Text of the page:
Klay Thompson said on Sunday that the Washington State Cougars were headed to the Hawaiian Islands to make a name for themselves. Two games in, both he and the Cougs have done just that by advancing to the finals of the Diamond Head Classic after beating No. 15 Baylor, 77-71.
This game was as impressive a performance as you're going to see from any team, anywhere. WSU put on a zone-breaking clinic for the first 28 minutes of the game, penetrating just enough to move the zone then passing to the gap. The Cougs used that and some stellar defense to build an 18-point lead midway through the second half, despite all of WSU main players seeing extended minutes on the bench because of foul trouble.
But Baylor is a good team by whichever measure you prefer -- No. 15 according to humans, No. 8 according to Ken Pomeroy's adjusted efficiency margin -- and they certainly weren't going to go away quietly. The Bears came storming back behind leading scorer LaceDarius Dunn, who was a total non-factor in the first half. He hit a couple of 3s, hit a couple of contested 2-point jumpers, and -- most importantly -- was getting to the line.
However, nobody erases an 18-point lead on offense alone, and it was a jarring defensive change that stalled out the Cougs: Baylor switched out of their vaunted zone, which the Cougs dissected, and went straight man-to-man. With Thompson on the bench with four fouls, WSU went a little stale, made a few bad decisions, and POOF! What was a 59-41 lead for WSU with 12:33 to go became a 64-61 lead for Baylor with 6:37 to play.
This story was unfamiliar to us all; we saw this exact scenario last year against Gonzaga, and it did not end well. But these Cougs are proving maturity is not a mythical factor. For the third straight game, WSU faced adversity that was not entirely their doing which threatened the outcome of the game, and for the third straight game this team came through with flying colors.
First Reggie Moore made a layup to close the gap to one. Then Baylor, as it hadn't done at all during its run, turned the ball over on a couple of straight possessions before Thompson hit a 3-pointer to regain the lead, 66-64 with 4:33 to go. From there, the Cougs went into lockdown mode, as Baylor would not score again for the next three minutes. But WSU could only manage a jumper from Moore, so when Dunn hit another 3 with 1:44 to go, the Bears pulled back within one.
But Klay Thompson being who he is this year put one more dagger home -- this one a 27-footer from the top of the key with 1:11 to go, a fifth and final 3-pointer to put WSU back up by four. The Bears missed a 3, got the offensive rebound, Dunn missed a two, it was collected by DeAngelo Casto, and six free throws later, the game was over.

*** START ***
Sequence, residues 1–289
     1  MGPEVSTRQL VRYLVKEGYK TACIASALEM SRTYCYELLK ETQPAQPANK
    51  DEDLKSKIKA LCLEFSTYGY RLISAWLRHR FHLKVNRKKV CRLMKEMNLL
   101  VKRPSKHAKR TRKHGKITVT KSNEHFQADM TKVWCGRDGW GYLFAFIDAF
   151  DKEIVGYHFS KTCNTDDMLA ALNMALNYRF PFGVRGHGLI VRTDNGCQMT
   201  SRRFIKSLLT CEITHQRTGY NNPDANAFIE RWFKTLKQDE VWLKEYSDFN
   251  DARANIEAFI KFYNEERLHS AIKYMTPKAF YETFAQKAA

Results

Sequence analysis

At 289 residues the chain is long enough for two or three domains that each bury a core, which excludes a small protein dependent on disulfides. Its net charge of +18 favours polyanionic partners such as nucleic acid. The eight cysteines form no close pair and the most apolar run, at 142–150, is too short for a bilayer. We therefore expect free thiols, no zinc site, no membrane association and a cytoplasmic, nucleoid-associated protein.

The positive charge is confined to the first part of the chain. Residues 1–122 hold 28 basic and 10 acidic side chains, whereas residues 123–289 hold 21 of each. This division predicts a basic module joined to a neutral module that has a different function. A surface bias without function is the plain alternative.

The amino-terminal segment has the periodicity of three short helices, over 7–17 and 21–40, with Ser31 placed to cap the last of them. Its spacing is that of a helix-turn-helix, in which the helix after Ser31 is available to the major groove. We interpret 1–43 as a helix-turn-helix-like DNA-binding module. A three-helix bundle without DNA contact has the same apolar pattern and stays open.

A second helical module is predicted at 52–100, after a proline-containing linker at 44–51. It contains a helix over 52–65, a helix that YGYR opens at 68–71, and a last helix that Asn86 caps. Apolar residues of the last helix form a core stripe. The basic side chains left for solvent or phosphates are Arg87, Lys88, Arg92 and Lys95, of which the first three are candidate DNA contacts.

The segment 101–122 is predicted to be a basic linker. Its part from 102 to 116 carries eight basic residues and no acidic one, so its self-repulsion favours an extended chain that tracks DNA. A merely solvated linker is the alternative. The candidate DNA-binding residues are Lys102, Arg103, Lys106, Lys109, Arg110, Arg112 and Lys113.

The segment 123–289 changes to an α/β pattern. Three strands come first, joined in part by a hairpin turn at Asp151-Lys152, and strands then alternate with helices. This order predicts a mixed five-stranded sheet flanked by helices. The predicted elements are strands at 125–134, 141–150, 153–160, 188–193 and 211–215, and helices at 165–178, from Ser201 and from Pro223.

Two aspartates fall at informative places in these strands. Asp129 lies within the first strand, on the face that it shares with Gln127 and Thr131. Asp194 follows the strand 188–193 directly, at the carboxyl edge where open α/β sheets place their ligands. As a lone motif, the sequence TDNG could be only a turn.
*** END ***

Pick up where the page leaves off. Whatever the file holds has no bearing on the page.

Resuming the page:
There's absolutely no underestimating the importance of this win for the Cougs. When Selection Sunday rolls around in March, this is the sort of win the committee will look at. This is a resume win no matter how you slice it. But what should make you even happier as a Coug fan is that it was pretty clear who the superior team was tonight -- and it wasn't the team with the number in front of its name.
The Cougars now await the winner of Florida State and Butler in the championship. Man, this feels good. On to the awards.
Klay Thompson Player Of The Game: Klay Thompson -- 20 points on 5-of-8 shooting (yes, you read that right), 4 assists, 3 steals ... in just 20 minutes. Despite playing with foul trouble the entire game, Thompson still was able to put himself in position to control the game down the stretch. Simply incredible. Cherish every game, folks, because we probably only have about 20 left.
Right Hand Man: So many to choose from. The Cougs had four -- FOUR! -- guys in double figures besides Klay: Faisal Aden (13), Reggie Moore (12), Brock Motum (12) and DeAngelo Casto (12). And it was that total team effort that allowed WSU to pull off the "upset" (which likely won't look like one by the end of the season).
Unsung Hero: Moore. He was instrumental in controlling the offensive tempo from the point with four assists to go with his points, but he also was a steadying factor while Klay spent extended minutes on the bench. His line wasn't gaudy, but every one of his 12 points, 6 rebounds and 4 assists mattered, all while playing 39 minutes as everyone else was in foul trouble. Huge.
Play Of The Game: Easy -- Klay's 27-foot middle finger to the referees with 1:11 to play provided an insurmountable margin.
It Was Over When: Casto collected Dunn's missed jumper with 47 seconds to go, ensuring WSU could control the remainder of the game from the free throw line, which it did with six straight makes down the stretch.
Stat Of The Game: How about two numbers? 66.3 and 40.0 -- those are the Cougars' and Bears' respective effective field goal percentages. The former is WSU's second highest of the season -- against what was the No. 6 eFG% defense in the country. The latter was the Bears' second lowest of the season. That Baylor was even able to stay in this game was a miracle of
officiating epic proportions.
Check out CougCenter's full coverage of the Diamond Head Classic here.